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PD Corner

Building Stronger School-Family Partnerships: A Culture of Care

by Carol Calil |

Many, if not all, of us are familiar with the African proverb that says: “It takes a village to raise a child.” Well, sometimes that village is quite a challenge for teachers to handle! In times when information gets home before the child has even crossed the door, how can we build bridges so that parent-teacher organizations (PTOs) do not become battlefields?

With family-teacher communication apps, cameras broadcasting classrooms in real-time, and the threat of lawsuits becoming more and more common, modern-day education seems to have done little in the sense of building partnerships that actually benefit the children. Through generations in all parts of the world, families have banned together to partner with their children’s schools, hoping to improve student experiences and outcomes (e.g., those who founded and constructed the Reggio Emilia preschool system in the aftermath of World War II; the Finnish Parents’ League, which promotes debates on the future of education, and even the group of small-town families who promoted the bake sale that raised funds for my class trip to Canada when I was a child).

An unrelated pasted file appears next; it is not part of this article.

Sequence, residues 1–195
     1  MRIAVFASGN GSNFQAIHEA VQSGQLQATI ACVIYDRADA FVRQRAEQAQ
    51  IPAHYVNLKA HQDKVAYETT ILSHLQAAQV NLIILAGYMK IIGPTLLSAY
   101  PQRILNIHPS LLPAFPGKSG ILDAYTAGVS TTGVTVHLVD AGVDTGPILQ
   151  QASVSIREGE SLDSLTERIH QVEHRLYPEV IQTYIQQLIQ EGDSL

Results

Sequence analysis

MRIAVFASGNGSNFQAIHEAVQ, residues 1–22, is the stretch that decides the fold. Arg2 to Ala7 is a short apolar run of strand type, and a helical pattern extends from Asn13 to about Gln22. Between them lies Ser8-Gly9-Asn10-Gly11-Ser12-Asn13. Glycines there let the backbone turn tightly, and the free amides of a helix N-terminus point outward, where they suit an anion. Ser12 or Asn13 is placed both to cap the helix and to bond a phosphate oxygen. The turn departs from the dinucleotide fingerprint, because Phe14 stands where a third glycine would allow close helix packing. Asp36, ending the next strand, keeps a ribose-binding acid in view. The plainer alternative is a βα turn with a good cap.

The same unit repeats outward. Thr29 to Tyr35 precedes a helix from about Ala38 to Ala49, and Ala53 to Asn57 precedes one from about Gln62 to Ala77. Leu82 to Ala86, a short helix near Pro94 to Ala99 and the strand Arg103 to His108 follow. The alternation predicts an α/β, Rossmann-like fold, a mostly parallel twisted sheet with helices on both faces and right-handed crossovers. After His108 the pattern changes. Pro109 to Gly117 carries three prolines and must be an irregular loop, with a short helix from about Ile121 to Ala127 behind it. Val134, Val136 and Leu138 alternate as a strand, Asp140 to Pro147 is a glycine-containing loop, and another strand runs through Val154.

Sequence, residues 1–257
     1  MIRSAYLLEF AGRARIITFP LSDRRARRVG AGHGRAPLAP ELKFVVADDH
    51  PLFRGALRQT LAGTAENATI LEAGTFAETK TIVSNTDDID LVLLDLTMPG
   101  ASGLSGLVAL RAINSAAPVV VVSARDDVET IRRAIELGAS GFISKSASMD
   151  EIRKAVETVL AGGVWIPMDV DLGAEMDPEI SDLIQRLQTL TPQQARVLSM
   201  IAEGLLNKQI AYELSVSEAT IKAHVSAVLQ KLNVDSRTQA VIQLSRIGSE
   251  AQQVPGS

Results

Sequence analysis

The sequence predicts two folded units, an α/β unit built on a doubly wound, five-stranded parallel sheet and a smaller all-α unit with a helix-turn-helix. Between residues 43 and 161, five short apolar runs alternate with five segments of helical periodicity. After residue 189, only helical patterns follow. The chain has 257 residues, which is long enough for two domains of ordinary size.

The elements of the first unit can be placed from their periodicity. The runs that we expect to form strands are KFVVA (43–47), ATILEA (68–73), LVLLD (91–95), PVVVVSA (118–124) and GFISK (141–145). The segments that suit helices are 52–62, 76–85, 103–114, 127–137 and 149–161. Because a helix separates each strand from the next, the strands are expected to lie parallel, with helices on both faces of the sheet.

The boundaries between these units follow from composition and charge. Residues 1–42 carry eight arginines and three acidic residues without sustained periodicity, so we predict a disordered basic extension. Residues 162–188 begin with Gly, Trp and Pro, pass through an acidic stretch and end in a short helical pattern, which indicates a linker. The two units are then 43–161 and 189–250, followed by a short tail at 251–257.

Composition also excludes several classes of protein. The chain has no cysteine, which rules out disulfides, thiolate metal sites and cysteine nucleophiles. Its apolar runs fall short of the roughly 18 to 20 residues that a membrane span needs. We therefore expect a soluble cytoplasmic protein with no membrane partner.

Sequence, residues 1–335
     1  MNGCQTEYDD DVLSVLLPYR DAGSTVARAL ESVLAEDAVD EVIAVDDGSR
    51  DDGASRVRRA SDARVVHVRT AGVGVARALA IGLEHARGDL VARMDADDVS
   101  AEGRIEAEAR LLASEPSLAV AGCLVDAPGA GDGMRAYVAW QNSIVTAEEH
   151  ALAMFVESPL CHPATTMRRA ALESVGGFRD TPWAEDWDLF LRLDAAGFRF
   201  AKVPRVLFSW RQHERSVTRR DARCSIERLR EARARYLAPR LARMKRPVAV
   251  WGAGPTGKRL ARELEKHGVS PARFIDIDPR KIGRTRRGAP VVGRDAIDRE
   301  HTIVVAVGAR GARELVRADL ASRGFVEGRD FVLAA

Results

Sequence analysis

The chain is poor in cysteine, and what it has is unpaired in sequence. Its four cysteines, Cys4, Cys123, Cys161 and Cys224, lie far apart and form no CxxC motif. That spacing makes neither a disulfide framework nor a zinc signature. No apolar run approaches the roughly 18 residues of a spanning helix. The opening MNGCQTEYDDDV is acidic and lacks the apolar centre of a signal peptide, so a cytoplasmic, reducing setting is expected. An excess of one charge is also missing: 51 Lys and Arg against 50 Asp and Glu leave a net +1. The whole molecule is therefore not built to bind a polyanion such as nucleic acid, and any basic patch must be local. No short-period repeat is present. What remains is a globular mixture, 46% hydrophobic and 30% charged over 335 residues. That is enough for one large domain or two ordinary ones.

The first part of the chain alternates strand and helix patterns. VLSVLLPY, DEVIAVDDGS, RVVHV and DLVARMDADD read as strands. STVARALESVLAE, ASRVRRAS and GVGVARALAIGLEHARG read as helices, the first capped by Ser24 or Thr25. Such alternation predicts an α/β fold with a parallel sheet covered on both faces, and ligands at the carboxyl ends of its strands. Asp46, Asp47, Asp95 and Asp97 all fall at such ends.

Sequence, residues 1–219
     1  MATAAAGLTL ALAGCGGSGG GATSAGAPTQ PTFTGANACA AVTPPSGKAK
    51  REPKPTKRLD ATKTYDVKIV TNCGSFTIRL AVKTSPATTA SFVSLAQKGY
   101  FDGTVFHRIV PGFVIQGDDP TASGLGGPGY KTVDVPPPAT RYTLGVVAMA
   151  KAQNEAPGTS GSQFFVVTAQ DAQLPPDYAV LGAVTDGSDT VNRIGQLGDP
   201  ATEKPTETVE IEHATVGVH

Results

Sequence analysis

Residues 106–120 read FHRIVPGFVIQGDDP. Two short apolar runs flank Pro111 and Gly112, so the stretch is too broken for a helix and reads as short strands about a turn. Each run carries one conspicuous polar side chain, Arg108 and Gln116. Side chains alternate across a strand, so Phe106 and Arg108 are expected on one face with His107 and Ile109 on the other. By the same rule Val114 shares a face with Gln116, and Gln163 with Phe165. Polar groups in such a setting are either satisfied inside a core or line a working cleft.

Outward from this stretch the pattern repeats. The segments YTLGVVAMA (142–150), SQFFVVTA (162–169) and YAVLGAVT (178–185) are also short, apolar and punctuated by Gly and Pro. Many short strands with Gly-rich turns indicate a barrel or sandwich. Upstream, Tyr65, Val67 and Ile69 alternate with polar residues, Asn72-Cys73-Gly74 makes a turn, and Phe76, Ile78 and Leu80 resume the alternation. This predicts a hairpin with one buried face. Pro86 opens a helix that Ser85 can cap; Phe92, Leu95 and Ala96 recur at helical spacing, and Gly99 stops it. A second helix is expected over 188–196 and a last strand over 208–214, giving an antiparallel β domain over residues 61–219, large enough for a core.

Principles of Family Engagement

The Family Engagement Center, an initiative of the U.S. National PTA initiative, suggests four “I”s as the guiding principles to transform family engagement. They advocate that parent-teacher organizations be the following:

    1. Inclusive: embracing and valuing diverse perspectives
    2. Individualized: meeting the unique needs of every family and child
    3. Integrated: connected and aligned with the educational system
    4. Impactful: empowering families to support their child’s success

I would add another “I” and a “T” to the mix: informative and transparent:

    1. Informative: providing quality information to the community
    2. Transparent: using transparent communication

It’s not hard to see how far from those “I”s and “T” we are. If you are willing to spend some time in the teachers’ lounge, you’ll soon hear one of the following:

    • “Parents expect schools to educate their kids for them.”
    • “Families don’t come to meetings.”